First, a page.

VIERA, Fla. - Word down here in the south is that you fine folks back up in the D.C./Maryland/Virginia areas are about to be hit by a decent little snow storm.
Hope everyone stays safe up there and doesn’t have too much hatred toward me for being in 75-degree weather right about now.
If it makes you feel any better, I’m just about to take off for a 7:30 a.m. trip to Clearwater, a 170-mile drive across the entire width of Florida. The five-plus hours of driving I’ll end up putting in today should help balance out the hours of traffic many of you will need to sit in throughout the day.
The Nationals will take on the Phillies at 1:05 p.m. this afternoon, and we’ll get what should be a fantastic pitching matchup (at least, for maybe four innings or so) as Stephen Strasburg and Roy Halladay will take the hill.
Nats manager Davey Johnson will probably look for about 60-70 pitches from Strasburg, and four frames will likely be his target. This is the third time through the Nationals rotation this spring, but even after today, Strasburg will likely have four more starts before the regular season kicks off.
The Nats are in no hurry to build their starters up and will continue to do so at an incremental pace.
It’s only 10 games into spring, but one thing is already clear from watching the Nationals thus far: Danny Espinosa is in a good place offensively.
Espinosa found out early in the offseason that he had a torn rotator cuff in his left shoulder, and instead of having surgery to repair the damage (a procedure which would have cost him the first two months of the regular season), Espinosa opted to rehabilitate the injury, building up the muscles around the rotator cuff in order to strengthen the shoulder.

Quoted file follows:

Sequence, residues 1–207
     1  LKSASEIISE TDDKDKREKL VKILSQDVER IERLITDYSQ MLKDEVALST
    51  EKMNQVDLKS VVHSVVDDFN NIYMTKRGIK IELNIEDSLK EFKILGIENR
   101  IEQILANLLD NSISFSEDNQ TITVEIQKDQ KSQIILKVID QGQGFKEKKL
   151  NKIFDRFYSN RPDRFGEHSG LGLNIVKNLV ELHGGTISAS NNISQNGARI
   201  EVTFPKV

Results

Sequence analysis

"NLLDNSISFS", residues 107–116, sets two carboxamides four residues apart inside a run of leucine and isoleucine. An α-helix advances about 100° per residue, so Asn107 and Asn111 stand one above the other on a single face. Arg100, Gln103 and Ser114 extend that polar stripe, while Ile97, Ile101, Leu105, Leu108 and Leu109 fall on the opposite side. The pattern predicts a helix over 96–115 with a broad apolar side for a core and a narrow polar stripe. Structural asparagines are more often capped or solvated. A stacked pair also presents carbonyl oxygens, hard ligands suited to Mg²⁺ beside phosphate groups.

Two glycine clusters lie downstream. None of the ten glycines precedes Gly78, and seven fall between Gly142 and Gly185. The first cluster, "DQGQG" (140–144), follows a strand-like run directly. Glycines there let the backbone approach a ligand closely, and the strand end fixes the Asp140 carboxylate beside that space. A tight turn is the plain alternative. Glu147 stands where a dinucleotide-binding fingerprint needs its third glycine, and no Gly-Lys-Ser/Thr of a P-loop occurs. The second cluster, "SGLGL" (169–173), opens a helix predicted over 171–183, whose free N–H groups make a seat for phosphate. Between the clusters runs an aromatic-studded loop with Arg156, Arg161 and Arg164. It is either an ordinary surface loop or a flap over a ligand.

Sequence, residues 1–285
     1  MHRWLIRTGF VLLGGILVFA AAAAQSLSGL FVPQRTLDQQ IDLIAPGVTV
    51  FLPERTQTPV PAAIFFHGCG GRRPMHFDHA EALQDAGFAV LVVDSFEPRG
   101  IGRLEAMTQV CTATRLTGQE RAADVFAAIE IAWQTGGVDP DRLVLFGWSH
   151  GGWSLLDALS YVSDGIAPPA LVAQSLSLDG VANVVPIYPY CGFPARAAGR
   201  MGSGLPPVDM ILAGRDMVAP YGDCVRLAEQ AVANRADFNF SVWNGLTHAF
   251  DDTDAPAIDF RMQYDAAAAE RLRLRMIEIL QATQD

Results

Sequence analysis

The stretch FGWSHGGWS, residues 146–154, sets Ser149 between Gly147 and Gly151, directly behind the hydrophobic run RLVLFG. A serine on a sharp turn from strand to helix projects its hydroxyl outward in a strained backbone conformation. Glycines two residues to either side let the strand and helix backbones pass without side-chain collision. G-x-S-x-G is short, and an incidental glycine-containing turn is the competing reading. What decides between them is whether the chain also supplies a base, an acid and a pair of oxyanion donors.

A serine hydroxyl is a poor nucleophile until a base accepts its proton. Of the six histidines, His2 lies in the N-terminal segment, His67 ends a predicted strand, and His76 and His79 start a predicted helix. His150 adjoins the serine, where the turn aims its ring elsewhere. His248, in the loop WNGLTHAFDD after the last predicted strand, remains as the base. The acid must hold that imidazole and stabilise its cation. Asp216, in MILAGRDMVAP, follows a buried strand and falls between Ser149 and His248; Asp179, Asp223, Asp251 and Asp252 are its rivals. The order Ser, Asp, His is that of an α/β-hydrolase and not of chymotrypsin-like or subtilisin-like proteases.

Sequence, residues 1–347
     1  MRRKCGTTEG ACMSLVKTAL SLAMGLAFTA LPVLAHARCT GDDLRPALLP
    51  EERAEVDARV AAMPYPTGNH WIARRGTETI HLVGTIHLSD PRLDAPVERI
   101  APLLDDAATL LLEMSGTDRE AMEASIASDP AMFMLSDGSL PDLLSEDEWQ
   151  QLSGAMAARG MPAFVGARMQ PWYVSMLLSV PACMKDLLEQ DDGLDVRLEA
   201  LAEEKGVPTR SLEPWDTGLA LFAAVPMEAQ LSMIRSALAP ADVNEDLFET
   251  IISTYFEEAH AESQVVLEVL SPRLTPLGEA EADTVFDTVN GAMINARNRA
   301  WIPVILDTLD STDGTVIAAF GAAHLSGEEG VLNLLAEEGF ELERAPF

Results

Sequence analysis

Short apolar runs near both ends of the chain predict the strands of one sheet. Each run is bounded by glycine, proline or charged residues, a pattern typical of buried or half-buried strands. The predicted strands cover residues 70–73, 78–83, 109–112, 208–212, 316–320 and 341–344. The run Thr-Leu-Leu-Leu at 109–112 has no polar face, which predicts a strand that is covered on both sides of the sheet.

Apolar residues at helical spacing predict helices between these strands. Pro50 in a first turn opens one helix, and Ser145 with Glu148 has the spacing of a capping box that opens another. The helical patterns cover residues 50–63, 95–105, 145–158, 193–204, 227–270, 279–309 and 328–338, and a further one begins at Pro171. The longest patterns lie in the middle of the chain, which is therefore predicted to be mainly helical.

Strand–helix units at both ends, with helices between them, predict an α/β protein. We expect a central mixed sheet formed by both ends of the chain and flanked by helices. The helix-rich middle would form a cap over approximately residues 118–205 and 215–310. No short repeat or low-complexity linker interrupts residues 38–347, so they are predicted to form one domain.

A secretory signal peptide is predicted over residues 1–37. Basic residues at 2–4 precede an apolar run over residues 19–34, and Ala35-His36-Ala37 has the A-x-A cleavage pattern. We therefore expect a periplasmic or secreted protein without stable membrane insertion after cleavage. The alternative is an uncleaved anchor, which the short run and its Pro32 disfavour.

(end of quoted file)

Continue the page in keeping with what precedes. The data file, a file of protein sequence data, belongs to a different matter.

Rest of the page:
His health, one way or the other, was going to be a big story this spring. And to this point, Espinosa has looked strong and insists that he feels great.
The results match up with the positive comments. Espinosa is 8-for-22 (.364) this spring, with seven singles, a double, two RBIs, two walks and a stolen base. Yesterday, hitting left-handed, he went 2-for-3 with two runs batted in, and was very nearly a perfect 3-for-3 if only he’d been a split-second quicker and beaten out an attempted bunt base-hit (or gotten the benefit of a close call).
“He’s getting shorter, short contact,” Johnson said after yesterday’s game. “Looks a whole lot better. Really pleased with his spring so far, the way he’s working. He had some real good at-bats today.”
Since Johnson has been managing the Nationals, he’s been trying to get Espinosa to shorten his swing, making it less of a lengthy, uppercut motion and more direct to the ball. Johnson’s reasoning has been that Espinosa has enough raw power that he doesn’t need to have a home-run swing; if he makes more contact and just focuses on hitting the ball hard where it’s pitched, the homers will come.
That’s a strategy Espinosa has embraced this spring. It started in the offseason when he would take one-handed swings while hitting left-handed, taking his bottom hand (the right hand) and working on being direct to the ball and trying to hit hard groundballs. That work, which was largely done because the injury was limiting his ability to take full swings, paid off.
Espinosa now feels like his top hand is firing towards the ball when swinging left-handed, and he’s made a conscious effort in his sessions off a tee and during batting practice to hit hard groundballs the right way. Doing so is reinforcing the proper swing path and he hopes will generate more backspin on balls he puts in play, which helps the ball travel farther.
If he continues on this path, he feels it will also help him cut down on his lofty strikeout totals. Espinosa struck out 189 times last season, most in the National League, and he has 355 over the last two seasons combined.
“I’m not trying to swing hard, I’m not trying to be that much quicker. It’s the right direction to the ball,” Espinosa said. “If your swing is as hard as anybody’s, but you have the wrong bat path, you’re still not going to hit. For me, it was just re-training my bottom hand to work down on the ball to have the right bat path to make contact. ...
“I’m not trying to go up there with a mindset of, ‘Don’t strike out.’ I’m just trying to go up there and not try to hit the ball to left field, not try to pull the ball, I’m just trying to hit the ball hard back up the middle. (Then I can) kind of react if it’s a little bit in, a little bit out. If I’m a little tardy, the ball’s going to go where it’s supposed to go. But I feel great right now, and like I said, my timing is really starting to come right now. I feel good.”